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Alliance Forging or Partnership Building? China’s Policy in the Asia-Pacific under the Xi Administration
Zhong Zhenming and Yang Yanqi
Should China forge a military alliance? Some scholars believe it should, others believe it should adhere to a policy of non-alignment. For China many risks are associated with military alliances. On the one hand, China would likely be involved in unwanted conflicts and confrontations created by potential allies. On the other hand, China would be bound to compete with the existing hegemon, the United States, which has already established a huge alliance system, to win more allies. China just cannot afford this. The intensified strategic competition between China and the United States may also lead to a new antagonism in the Asia-Pacific region. Nevertheless, China’s ‘non-alliance’ policy does not mean China has to abandon the development of strategic cooperation with other countries or renounce the right to build a cooperative partnership network. Since Xi Jinping came to power, the Chinese government has continuously expanded its strategic partnership network in the region. This policy could avoid US-China competition over military allies and enhance strategic trust between China and its neighbouring countries, creating conditions for China’s peaceful development and global strategic stability.
Keywords: cooperative partnership network, strategic cooperation, alliance policy, Sino-US strategic competition
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Rising to the Challenge: Europe’s Security Policy in East Asia amid US-China Rivalry
Nicola Casarini
China’s growing power and assertiveness towards its smaller and weaker neighbours has been a wakeup call for the European Union and its member states which, as a result, have stepped up their involvement in East Asia. EU security policy in the region shows many elements of alignment with the United States, but also differences. In North East Asia, the EU has adopted harsh sanctions against North Korea but, contrary to the Trump administration which continues to seek regime change, has left the door open for dialogue. Moreover, the EU supports the process of trilateral cooperation among China, Japan and South Korea, while Washington has traditionally been lukewarm towards a process that excludes the US and risks being dominated by Beijing. The transatlantic allies also show differing approaches with regard to maritime disputes in the South China Sea. While EU security policy in East Asia is largely complementary to that of Washington, in some cases Europe tends – albeit inadvertently – to favour Beijing.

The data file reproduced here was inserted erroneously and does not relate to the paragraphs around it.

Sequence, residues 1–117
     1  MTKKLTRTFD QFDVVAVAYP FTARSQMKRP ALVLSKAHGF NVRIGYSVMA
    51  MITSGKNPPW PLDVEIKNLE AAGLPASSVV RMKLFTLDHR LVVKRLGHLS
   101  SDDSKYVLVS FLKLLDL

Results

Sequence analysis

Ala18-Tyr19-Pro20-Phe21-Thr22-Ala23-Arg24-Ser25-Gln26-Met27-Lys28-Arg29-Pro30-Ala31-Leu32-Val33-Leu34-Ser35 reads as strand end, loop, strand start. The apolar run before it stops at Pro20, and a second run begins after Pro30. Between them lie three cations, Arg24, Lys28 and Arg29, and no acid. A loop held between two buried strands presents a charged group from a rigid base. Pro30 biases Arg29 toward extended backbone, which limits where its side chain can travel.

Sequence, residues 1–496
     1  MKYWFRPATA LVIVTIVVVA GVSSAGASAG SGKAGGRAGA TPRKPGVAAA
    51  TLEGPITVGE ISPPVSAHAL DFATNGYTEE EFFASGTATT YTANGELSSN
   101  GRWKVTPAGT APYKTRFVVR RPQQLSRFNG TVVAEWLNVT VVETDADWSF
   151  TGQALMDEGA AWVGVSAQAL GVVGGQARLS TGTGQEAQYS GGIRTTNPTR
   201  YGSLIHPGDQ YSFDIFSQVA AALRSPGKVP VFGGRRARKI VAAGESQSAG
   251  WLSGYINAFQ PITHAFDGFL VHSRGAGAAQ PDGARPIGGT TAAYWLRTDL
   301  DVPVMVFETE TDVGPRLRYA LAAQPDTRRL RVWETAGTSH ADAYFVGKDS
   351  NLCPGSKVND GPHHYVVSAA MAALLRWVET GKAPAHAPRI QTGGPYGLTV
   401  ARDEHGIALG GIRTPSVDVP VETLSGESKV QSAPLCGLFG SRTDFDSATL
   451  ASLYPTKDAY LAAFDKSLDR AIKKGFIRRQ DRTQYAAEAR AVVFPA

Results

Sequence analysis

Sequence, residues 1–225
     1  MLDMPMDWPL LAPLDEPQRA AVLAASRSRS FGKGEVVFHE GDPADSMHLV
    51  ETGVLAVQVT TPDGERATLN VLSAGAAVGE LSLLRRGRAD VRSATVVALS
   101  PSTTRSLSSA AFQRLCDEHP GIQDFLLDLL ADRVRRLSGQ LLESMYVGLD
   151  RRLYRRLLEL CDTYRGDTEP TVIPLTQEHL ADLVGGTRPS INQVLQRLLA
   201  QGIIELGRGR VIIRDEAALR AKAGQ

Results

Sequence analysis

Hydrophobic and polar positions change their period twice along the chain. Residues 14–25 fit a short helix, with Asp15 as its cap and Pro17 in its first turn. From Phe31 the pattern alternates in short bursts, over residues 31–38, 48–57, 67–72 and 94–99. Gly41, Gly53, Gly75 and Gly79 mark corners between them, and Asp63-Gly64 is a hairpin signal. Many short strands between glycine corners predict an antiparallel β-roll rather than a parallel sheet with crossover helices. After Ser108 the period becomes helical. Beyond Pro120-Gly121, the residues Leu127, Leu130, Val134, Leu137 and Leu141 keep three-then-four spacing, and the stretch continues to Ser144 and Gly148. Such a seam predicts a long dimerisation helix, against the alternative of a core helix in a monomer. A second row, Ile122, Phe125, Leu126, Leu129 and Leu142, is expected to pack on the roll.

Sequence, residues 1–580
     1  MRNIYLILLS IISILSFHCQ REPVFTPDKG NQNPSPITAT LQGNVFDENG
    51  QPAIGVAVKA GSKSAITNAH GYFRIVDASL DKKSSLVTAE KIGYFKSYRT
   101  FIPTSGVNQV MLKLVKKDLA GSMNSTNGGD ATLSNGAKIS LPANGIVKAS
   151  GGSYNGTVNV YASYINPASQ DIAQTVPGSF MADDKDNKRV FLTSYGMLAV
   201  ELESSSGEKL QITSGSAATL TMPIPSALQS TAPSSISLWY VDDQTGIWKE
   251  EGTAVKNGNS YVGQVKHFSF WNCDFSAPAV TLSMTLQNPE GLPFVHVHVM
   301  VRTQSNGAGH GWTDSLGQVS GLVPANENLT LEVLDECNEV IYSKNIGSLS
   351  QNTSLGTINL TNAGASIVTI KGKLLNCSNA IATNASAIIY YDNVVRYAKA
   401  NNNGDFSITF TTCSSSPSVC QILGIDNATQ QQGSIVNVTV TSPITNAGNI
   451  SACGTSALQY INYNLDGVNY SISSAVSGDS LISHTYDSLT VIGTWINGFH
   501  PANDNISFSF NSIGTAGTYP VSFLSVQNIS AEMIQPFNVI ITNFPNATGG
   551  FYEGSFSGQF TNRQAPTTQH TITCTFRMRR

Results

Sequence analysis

Keywords: China, United States, European Union, East Asia, security policy
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Linking Public Opinion and Foreign Policy in Russia
Anna Efimova and Denis Strebkov
Empirical studies in democracies have revealed some degree of causal relationship between public opinion and foreign policy. A look at the relationship between the evolution of Russian foreign policy priorities, as evidenced in the Foreign Policy Concepts (2000, 2008, 2013 and 2016), and public opinion regarding foreign policy measured from 1997 to 2018 shows significant shifts in perceptions of the nation’s international image. The amity/enmity feelings towards others can be explained as responses to key international events, endorsing the thesis of a rational and reactive public. Overall, public opinion and the official policy line in Russia move in the same direction.
Keywords: foreign policy, foreign policy attitudes, Russia, United States, European Union, China
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Manufacturing the Jihad in Europe: The Islamic State’s Strategy
John Turner
As the Islamic State (IS) caliphate in the Middle East has collapsed, it is seeking to extend its influence elsewhere, particularly in Europe where there are existing inter-communal tensions to exploit. IS has deployed the management of savagery doctrine through acts of terrorism as part of its strategy to increase polarisation by exacerbating fear and distrust among communities, encouraging sympathies for far-right actors among non-Muslims and potentially alienating counterterrorism policies by governments, pushing Muslims out of what it terms the ‘grey zone’. The desired outcome is to drain state resources and showcase Europe as hostile to Muslims, promoting the notion of a ‘war on Islam’.